NBM Review Round-Up!

We’re counting down the shopping days and we’ve had several of our titles show up in gift guides from The Comics Reporter and Forces of Geek, so we’re even more happy to share some great reviews that might also serve as holiday gift ideas.

Be sure to check out our site proper where you can order any of our titles.  After the jump, check out what reviewers are saying about several of our titles.

Continue reading “NBM Review Round-Up!”

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Geary’ Lindbergh on Girls Entertainment Network covering the Eisners

Covering the most important categories of the Eisner nominations, Girls Entertainment Network has this to say about Rick’s Lindbergh Child in his Treasury of XXth Century Murder which is up for two Awards:

“He gives us a step-by-step account of one of the most famous crimes in history: the Linbergh kidnapping. I’d heard of the case before, but here it’s laid out with every piece of evidence and every witness and suspect so well that I almost feel as if I had been living through it in 1932. I’m excited to see what subject or individual Geary takes a crack at next.” –Jill aka TheNerdyBird

The Eisner Awards will be given out next Friday at the San Diego Comic-con. Geary will be signing all his books at our booth #1528. See our signing schedule we posted earlier.

Teacher Librarian on Bluesman and Geary’s Lindbergh

Teacher Librarian magazine reviewed a couple historically based graphic novels of ours saying for Bluesman:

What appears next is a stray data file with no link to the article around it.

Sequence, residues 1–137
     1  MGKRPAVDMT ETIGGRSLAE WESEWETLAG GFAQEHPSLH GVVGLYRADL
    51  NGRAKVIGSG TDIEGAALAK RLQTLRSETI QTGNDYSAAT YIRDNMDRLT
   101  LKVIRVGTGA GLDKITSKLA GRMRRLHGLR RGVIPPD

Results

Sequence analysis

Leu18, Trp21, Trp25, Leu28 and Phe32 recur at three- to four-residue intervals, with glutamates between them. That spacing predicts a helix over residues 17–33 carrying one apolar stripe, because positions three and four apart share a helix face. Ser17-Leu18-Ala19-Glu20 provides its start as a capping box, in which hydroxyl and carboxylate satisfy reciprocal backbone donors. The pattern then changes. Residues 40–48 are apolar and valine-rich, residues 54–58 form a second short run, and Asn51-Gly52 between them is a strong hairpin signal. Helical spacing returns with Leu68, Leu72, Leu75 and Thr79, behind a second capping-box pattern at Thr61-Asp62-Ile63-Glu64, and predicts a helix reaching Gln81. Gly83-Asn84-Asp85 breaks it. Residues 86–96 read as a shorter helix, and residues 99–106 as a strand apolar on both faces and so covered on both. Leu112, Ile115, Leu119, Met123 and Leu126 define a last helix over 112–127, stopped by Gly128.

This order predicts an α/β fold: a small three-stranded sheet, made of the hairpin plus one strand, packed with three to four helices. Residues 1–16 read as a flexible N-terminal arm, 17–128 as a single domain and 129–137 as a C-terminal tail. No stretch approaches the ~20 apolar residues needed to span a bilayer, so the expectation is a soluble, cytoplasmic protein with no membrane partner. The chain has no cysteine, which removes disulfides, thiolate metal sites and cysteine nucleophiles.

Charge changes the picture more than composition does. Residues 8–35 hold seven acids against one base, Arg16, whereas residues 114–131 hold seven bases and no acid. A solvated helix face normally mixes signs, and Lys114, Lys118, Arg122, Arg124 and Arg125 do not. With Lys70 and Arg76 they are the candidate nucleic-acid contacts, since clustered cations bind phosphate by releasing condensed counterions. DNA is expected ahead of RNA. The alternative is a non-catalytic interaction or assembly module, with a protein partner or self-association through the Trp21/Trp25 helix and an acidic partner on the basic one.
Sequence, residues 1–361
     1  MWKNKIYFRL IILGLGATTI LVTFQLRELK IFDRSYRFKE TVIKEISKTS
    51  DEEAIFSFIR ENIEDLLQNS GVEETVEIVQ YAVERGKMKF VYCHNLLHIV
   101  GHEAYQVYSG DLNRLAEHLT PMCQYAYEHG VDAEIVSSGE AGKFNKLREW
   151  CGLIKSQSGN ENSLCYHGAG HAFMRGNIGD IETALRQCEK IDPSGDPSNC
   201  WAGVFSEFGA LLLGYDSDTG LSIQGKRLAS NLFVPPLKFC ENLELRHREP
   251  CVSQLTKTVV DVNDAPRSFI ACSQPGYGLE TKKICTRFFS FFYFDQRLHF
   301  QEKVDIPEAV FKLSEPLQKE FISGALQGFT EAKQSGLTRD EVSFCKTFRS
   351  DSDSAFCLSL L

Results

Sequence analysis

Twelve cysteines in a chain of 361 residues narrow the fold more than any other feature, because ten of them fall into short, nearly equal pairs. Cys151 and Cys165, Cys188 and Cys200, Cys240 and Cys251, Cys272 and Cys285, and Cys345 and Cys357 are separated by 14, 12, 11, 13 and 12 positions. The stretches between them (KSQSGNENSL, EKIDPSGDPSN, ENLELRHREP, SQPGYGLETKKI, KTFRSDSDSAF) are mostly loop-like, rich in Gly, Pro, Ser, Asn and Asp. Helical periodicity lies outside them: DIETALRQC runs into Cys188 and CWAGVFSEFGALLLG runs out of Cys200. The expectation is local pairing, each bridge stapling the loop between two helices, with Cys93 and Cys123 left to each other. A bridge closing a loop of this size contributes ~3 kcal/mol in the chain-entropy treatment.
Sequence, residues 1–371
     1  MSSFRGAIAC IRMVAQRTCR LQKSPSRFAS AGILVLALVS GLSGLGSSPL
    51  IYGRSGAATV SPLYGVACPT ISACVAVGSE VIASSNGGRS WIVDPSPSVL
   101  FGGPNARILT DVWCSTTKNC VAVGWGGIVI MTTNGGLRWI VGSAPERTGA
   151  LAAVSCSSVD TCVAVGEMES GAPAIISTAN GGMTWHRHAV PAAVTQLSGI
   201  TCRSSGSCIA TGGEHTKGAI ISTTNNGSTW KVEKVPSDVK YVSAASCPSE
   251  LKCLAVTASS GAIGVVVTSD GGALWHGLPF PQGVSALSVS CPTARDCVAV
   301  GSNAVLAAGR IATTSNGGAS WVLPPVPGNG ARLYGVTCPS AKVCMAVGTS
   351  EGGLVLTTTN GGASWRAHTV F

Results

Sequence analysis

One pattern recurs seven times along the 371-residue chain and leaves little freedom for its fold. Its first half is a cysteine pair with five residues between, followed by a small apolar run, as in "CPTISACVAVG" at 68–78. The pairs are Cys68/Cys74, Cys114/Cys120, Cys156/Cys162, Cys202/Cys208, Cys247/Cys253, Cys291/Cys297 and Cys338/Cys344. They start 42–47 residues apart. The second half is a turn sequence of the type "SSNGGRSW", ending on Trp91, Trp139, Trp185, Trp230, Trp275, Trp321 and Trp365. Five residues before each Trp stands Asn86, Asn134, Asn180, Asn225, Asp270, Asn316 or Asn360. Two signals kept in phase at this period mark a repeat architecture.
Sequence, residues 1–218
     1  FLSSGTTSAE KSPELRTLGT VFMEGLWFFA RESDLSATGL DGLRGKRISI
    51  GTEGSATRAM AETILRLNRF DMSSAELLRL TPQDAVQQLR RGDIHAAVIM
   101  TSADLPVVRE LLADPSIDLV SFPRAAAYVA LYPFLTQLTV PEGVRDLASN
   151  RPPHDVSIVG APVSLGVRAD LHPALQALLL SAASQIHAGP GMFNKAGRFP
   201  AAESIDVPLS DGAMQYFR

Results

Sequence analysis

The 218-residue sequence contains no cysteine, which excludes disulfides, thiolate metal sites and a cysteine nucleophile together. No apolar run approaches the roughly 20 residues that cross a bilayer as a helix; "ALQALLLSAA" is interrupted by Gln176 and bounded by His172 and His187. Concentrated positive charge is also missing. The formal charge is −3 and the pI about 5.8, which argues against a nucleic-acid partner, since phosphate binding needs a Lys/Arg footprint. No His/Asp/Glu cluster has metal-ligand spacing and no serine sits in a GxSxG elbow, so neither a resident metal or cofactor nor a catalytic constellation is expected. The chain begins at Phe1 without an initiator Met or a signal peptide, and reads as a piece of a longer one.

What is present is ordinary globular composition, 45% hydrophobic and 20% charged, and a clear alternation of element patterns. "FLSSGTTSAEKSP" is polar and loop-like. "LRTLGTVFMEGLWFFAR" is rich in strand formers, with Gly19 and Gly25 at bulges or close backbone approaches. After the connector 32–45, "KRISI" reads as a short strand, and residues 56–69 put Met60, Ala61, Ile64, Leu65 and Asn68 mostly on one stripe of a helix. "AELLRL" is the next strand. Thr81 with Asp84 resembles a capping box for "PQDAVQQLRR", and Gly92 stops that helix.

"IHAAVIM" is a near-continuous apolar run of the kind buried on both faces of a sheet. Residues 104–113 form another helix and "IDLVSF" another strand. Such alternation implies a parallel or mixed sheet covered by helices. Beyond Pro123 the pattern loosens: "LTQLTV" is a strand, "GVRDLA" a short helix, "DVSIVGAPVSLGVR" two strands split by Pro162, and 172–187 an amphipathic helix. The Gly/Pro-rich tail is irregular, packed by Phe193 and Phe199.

“A moody masterpiece of fiction that is all the more compelling because every word of it could be true. [Uses] a broad visual palette that matches its dramatic variety of emotions.”

And on Rick Geary’s “The Lindbergh Child“:
“The master of historical nonfiction in graphic novels contributes one of his best efforts. Simultaneously factual and poignant.”

‘Teacher Librarian’ on Bluesman and Lindbergh

The magazine ‘Teacher Librarian’ has some good things to say of two of our books:

For The Lindbergh Child:

“The tension between Geary’s newspaper-style captions and the devastated people he describes produces a story that is simultaneously factual and poignant.”

 

For Bluesman:

“A moody masterpiece of fiction.”

Happy Hooligan, Moresukine and more, reviewed…

Time Out NY says of Moresukine:

“Hilarious, sharply observed”

RC Harvey (his site needs token subscription) the noted historian and rant and raver says about Geary’s Lindbergh Child:

“Reading one of Geary’s books is always a delight. He methodically researches and then displays the facts of whatever crime he is exploring, deploying a hypnotic drawing style that has both charm and menace. “

and about Happy Hooligan:

“Opper’s strip was the first to deploy all of the medium’s basic ingredients from its very birth. “